When you identify yourself, what are the first things you mention? Is it your marital status? Your gender? Your religious beliefs? Your title within your career? Noting that you’re a survivor of a tragic event? Positive adjectives describing your character? Your parental status? Everyone chooses to identify themselves differently based how they feel about themselves as well as poignant events in their life.

For many birth mothers, one of the first things they identify with is just that: being a birth mother. Placing a child is a string of events that alters who you are and who you become. It can definitely bring out the best and worst of people. But this isn’t necessarily a bad thing. Oh no. This can be one of the best things that ever happened to you! Let me explain.

When I got pregnant with my son, I went through a lot of the same highs and lows that most women go through during an unplanned pregnancy. But what I never could have foreseen was how amazing being a birth mother is. Since placement, I’ve grown to appreciate adoption even more. It’s something I feel so strongly about that I’ve chosen to make an attempt at making a career out of it. Not placing all of my kids of course, but working in the field of adoption. And I’m sure many other birth mothers also feel they are drawn into the world of adoption after having a good experience. However, this is not to say it should take over every aspect of life.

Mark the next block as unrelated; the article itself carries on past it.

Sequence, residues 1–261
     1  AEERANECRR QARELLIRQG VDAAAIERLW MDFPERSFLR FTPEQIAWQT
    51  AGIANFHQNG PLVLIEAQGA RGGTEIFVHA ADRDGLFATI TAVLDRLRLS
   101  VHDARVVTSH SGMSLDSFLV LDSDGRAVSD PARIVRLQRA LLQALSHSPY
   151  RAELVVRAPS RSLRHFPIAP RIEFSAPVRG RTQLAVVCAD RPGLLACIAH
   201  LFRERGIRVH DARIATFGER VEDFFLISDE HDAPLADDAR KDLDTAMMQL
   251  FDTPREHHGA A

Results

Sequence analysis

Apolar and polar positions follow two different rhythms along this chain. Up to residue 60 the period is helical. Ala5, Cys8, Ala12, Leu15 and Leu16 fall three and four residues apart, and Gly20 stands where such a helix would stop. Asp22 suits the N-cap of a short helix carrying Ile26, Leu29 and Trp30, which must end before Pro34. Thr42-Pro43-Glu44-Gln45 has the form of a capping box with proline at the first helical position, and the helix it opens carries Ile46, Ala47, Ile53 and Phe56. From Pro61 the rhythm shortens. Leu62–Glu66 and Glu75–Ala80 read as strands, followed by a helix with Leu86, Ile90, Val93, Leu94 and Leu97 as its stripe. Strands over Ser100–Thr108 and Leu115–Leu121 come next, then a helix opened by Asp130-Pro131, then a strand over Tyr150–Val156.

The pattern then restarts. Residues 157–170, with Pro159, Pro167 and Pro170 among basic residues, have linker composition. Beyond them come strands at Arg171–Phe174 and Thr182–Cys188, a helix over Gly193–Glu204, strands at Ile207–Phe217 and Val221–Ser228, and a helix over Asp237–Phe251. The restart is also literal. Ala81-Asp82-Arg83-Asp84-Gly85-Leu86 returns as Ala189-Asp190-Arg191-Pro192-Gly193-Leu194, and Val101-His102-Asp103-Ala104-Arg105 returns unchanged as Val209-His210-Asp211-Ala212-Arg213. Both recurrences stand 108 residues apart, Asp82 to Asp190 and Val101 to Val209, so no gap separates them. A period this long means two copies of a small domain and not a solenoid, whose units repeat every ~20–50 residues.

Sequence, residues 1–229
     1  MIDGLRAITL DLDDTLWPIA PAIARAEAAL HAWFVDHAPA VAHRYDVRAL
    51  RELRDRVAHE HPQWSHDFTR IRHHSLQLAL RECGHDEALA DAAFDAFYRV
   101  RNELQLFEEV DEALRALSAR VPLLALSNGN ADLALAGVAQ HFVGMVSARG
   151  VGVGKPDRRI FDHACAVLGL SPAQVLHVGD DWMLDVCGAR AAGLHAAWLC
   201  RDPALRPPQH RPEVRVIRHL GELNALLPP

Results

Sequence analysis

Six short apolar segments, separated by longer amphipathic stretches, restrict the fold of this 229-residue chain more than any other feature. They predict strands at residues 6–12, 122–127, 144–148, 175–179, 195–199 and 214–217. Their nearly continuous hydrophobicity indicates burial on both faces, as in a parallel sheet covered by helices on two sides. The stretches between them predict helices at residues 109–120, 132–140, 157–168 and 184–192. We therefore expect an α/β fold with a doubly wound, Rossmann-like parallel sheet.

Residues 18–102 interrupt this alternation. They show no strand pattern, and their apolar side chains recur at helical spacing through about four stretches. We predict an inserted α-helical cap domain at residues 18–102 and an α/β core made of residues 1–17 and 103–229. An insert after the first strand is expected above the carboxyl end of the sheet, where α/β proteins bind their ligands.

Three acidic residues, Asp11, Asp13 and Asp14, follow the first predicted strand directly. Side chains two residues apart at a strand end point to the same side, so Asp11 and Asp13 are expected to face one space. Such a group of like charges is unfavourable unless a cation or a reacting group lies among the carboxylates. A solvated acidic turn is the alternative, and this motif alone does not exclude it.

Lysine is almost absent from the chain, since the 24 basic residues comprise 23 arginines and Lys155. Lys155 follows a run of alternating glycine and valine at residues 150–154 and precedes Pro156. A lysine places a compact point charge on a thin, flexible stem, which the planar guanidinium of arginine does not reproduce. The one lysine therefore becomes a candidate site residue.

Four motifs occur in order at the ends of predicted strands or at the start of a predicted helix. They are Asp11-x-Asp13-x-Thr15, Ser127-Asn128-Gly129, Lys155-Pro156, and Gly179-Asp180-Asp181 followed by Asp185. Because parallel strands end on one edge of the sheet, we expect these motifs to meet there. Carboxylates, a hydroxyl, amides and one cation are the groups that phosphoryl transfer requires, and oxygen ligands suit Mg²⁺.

Though very important and meaningful, adoption probably shouldn’t consume us. There are so many more wonderful things we can each do with our lives than dwell on a struggle-whether it turned out good or bad-so we can continue to progress.

Some of the best ways to avoid making adoption the center of your personal universe are simple:

Serve others: Whether it’s you who feels the burden or those around you who feel weighed down, give of yourself. When you’re thinking about other people and their struggles or big life events, you home in on their needs and can use your experiences to empathize.

Keep busy doing things that give you meaning: If you are able to work, exercise, attend school, or even take up several hobbies, you’ll find more wonderful things about yourself that you can identify with. Just keep adding to the list of things that make you so great!

Consider counseling: If your experience with adoption is truly getting in the way of you performing your everyday functions, you may consider going to talk with a professional. They can help you compartmentalize your priorities and get you to a place that can incorporate adoption without it foreshadowing every other aspect of your life.

Adoption, in my opinion, is not a bad thing at all. I think it is amazing and should be better known and understood. However, I do recognize that it has it’s time and place to be put on the table. If you really do love adoption and want nothing more than to make it a focal point in your life, seek learning and work opportunities to make that a reality. As for the majority of us, we just need to find ways to use it to help us and others, rather than making it our go-to in everything we say and do.